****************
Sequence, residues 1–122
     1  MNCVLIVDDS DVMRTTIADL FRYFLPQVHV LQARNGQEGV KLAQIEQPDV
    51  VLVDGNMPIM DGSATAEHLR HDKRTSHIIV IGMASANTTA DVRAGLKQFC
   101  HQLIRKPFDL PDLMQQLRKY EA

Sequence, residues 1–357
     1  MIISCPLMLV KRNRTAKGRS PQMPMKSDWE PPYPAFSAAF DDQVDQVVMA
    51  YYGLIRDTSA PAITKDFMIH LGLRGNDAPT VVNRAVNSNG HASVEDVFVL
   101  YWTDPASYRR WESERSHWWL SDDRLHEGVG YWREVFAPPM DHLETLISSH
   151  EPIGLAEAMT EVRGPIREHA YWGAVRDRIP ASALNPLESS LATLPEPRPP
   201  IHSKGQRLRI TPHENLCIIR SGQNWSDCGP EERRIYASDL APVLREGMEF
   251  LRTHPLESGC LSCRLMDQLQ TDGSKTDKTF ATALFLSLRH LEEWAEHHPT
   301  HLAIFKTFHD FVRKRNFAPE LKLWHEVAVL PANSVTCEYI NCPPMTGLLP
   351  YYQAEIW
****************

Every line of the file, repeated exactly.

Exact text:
Sequence, residues 1–122
     1  MNCVLIVDDS DVMRTTIADL FRYFLPQVHV LQARNGQEGV KLAQIEQPDV
    51  VLVDGNMPIM DGSATAEHLR HDKRTSHIIV IGMASANTTA DVRAGLKQFC
   101  HQLIRKPFDL PDLMQQLRKY EA

Sequence, residues 1–357
     1  MIISCPLMLV KRNRTAKGRS PQMPMKSDWE PPYPAFSAAF DDQVDQVVMA
    51  YYGLIRDTSA PAITKDFMIH LGLRGNDAPT VVNRAVNSNG HASVEDVFVL
   101  YWTDPASYRR WESERSHWWL SDDRLHEGVG YWREVFAPPM DHLETLISSH
   151  EPIGLAEAMT EVRGPIREHA YWGAVRDRIP ASALNPLESS LATLPEPRPP
   201  IHSKGQRLRI TPHENLCIIR SGQNWSDCGP EERRIYASDL APVLREGMEF
   251  LRTHPLESGC LSCRLMDQLQ TDGSKTDKTF ATALFLSLRH LEEWAEHHPT
   301  HLAIFKTFHD FVRKRNFAPE LKLWHEVAVL PANSVTCEYI NCPPMTGLLP
   351  YYQAEIW